“Is it lawful to do good on the sabbath rather than to do evil, to save life rather than to destroy it?”
Words from our gospel today, according to Mark.
Jesus cures a man with a withered hand on the Sabbath, in the Synagogue.
And this apparent misstep is enough that they begin to plot his death. That’s how bad it was.
Jesus looks past the letter of institutional law and extends his mercy to this man.
His mercy has no bounds and no limits.
But this reading is a two-edged sword.
It’s inspirational when we read it from the position of one being offered mercy.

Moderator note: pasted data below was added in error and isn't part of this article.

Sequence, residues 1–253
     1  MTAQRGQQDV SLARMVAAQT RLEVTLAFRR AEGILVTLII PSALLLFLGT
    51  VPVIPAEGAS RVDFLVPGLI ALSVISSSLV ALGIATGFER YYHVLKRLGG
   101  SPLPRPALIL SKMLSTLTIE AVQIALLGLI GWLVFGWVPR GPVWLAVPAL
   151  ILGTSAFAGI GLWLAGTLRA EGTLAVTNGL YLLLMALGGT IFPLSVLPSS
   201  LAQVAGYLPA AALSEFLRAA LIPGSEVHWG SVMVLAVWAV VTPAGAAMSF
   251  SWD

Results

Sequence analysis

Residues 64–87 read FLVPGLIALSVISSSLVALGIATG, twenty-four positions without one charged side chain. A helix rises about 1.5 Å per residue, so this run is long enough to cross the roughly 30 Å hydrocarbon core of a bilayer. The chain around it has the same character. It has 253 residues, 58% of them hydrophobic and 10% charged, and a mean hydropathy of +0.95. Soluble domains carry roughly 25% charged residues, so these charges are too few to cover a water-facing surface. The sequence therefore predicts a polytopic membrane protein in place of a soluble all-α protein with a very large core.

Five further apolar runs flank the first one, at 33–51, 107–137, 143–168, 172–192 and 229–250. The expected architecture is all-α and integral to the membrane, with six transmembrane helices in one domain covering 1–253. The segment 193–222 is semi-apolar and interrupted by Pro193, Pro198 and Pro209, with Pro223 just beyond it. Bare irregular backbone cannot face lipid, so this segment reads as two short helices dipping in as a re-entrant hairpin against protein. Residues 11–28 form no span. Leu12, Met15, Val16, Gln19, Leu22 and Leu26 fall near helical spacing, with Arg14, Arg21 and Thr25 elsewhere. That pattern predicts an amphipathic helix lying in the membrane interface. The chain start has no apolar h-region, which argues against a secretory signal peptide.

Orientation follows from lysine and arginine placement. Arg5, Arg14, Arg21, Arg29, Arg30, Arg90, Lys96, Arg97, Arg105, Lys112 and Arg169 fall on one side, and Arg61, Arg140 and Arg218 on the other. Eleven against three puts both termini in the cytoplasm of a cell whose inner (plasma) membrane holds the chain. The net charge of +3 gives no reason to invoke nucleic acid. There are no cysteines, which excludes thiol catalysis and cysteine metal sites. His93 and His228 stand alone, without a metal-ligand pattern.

It’s demanding when we read it as one called to extend mercy.
Mercy is cheap when we’re the one on the receiving end.
But when it costs us something, we sometimes find ourselves a little stingy.
“Give until it hurts” was a small phrase a priest friend quoted often.
Give, even when it exacts some pain.
Give, without counting the cost.
Give, even when they don’t deserve it, legally.
How often does “the law” get the last word over mercy?
Mercy will always cost us a little something.
For Jesus, it cost his life.